Sherman Loomis was the banker of the family. He was, for several years, a well-respected banker in the Randall National Bank. He retired to Massillon, Ohio. He and his wife, Vera Alcorn Loomis are buried in the Ionia Cemetery.
Carl Loomis was the generation's farmer . After graduating with the Class of 1927 from Ionia High School, he taught in a country school for a year then attended Topeka Business College. After college he returned to the farm near Ionia and was known to be happiest when talking about crops. He and his wife, Lucille Gish Loomis, are buried in the Athens Cemetery.
Clarence Loomis, well known Mankato businessman was also a WWII veteran. He was the owner of Loomis Building and Electric. Married to Alethia Rannebeck Loomis, they had two children. Sharon Murray of Kansas City and Marvin Loomis of Mankato.
Mannie Loomis, also a farmer in his generation, was born in Ionia like the rest of the family. He moved to Jewell in 1964. Married to Opal Broyles their children were Kathleen Loomis Little of Jewell, the late Karen Loomis Moyer and Bill Loomis, Jewell. Their descendants are well represented in Jewell.
Karen was married to the late Wendell Moyer. Two of their daughters, Becky Moyer Cockroft and Deb Moyer Bohnert, live in Jewell. Jessie Simmelink Eilert, Damon Bohnert and Darica Bohnert Hagler are grandchildren. Great-grandchildren, Jensen and Jada Eilert, are two of the seventh generation of the family to live in Jewell County.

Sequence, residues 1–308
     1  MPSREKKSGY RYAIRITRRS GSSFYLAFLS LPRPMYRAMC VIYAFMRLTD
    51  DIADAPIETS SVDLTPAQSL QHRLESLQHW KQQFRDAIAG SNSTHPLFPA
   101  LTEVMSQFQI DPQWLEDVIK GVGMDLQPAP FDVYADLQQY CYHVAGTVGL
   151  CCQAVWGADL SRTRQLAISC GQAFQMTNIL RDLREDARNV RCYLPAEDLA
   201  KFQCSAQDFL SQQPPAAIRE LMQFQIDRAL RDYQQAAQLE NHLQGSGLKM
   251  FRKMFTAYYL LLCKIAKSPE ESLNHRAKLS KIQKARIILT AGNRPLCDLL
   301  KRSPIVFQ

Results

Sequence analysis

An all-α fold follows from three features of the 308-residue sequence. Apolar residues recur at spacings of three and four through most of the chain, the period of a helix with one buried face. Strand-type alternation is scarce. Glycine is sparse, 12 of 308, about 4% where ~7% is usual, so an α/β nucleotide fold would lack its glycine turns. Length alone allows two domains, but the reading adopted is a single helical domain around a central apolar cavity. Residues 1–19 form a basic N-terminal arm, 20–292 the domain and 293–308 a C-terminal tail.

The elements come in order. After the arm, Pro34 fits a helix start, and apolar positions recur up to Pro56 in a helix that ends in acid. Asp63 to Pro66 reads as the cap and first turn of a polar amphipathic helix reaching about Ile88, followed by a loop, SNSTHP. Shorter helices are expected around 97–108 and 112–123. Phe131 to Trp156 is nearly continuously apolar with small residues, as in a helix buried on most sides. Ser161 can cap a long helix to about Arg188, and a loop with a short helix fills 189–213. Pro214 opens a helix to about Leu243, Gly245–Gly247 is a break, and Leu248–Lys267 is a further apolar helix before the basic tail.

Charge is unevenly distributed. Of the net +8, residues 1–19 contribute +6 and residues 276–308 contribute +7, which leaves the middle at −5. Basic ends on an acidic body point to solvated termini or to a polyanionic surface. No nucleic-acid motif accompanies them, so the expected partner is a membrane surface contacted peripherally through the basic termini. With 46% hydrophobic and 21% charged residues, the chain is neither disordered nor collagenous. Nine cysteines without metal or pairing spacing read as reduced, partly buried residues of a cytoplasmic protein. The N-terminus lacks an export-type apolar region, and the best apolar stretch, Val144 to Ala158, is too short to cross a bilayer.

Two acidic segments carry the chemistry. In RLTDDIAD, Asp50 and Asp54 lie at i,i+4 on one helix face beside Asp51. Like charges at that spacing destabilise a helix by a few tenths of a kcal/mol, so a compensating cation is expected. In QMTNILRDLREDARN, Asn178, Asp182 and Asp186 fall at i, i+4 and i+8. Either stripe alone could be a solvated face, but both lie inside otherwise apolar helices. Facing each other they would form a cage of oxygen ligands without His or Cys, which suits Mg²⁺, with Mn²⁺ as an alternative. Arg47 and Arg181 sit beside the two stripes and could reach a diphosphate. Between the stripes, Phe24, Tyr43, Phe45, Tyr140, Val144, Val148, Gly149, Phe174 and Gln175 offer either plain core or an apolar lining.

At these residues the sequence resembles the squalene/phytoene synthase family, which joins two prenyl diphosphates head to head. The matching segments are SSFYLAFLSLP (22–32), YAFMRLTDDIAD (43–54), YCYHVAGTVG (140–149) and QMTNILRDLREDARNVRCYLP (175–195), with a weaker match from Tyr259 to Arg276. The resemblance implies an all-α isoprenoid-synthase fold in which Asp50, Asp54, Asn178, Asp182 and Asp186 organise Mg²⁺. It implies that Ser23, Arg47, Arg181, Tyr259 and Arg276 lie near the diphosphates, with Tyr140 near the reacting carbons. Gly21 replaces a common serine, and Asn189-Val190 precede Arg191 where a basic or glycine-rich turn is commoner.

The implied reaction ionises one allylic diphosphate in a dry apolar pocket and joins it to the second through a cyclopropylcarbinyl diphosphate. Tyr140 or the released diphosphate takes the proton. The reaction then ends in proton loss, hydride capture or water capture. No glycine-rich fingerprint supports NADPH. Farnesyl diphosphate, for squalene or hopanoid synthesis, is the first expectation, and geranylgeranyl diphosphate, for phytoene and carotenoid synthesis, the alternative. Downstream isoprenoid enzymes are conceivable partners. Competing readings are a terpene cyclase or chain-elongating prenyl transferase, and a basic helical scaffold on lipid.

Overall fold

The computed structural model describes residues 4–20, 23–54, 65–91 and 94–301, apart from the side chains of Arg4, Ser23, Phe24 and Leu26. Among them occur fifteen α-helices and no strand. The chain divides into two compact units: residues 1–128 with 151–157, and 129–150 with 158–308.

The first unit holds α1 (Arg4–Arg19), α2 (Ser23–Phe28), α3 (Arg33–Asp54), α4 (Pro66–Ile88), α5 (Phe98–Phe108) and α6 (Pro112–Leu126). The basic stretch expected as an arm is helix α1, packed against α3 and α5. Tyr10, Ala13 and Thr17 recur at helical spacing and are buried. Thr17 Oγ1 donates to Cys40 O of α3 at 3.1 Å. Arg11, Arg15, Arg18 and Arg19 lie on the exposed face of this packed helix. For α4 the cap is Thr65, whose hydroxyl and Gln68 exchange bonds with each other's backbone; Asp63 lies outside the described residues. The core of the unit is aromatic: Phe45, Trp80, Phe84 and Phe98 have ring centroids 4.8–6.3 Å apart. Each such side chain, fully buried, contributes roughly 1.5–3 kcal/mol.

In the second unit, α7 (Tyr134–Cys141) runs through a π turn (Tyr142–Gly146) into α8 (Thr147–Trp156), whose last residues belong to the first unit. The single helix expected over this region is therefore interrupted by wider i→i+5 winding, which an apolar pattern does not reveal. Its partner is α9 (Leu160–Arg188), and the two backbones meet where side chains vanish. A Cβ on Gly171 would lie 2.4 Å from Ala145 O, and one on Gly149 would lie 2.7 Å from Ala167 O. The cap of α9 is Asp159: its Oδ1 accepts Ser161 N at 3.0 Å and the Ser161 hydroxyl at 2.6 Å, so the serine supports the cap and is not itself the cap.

Bill and Becky Oplinger Loomis have two sons, Matt of Ionia and Adam of Jewell. Both are involved in farming as was Bill. Bill is probably as well known for his business, Jewell Implement. That business is now operated by daughter Billi and her husband, Jason Arasmith. They are the parents of the Jarrett and Grant Arasmith mentioned earlier. Jarrett and Grant are also part of Jewell County's seventh generation of the Loomis family.
Matt and Kara Divel Loomis farm near Ionia and have two daughters, Samantha and Jenna. The girls are part the seventh generation of the Loomis family. Matt also has a son, Colin Loomis, whose son Knox is in the eighth generation of the family.
Another group of the Loomis seventh generation is Ayden, Ashlyn and Avery Loomis. They are the children of Adam and Amber Bartsch Loomis. Adam farms west of Jewell.
Kathleen Loomis Little, Jewell, remembers her grandparents, Clarence and Margaret Slattery Loomis. She is the oldest living cousin in the family. Her grandparents farmed for many years in the Ionia area before moving to Jewell. They lived in a couple of homes in Jewell, one being on Bryam Street.
Kathleen stayed with them various times. The last time was when she was working as a waitress at the Stapleton Cafe during Old Settlers. This was in the early 1950s when Old Settlers was a big event, with rides and attractions all around the park. She would stay with her grandparents instead of driving home late at night.
The descendants of Jacob and Sarah Peacock Loomis now number more than 800. There are many more unnamed than named in this article. In this, Jewell's Sesquicentennial year, this article seeks to honor a family who has lived in Jewell County for seven generations. It especially seeks to honor those with ties to Jewell.
Special thanks to Kimberly Loomis of Mankato for her work on the Loomis Family Tree in Ancestry.com. Also, thanks to Ray Terry for his printed genealogy books and to Becky Oplinger Loomis for loaning them and their picture to me. Those resources as well as Ancestry.com and Newspapers.com were used for this article.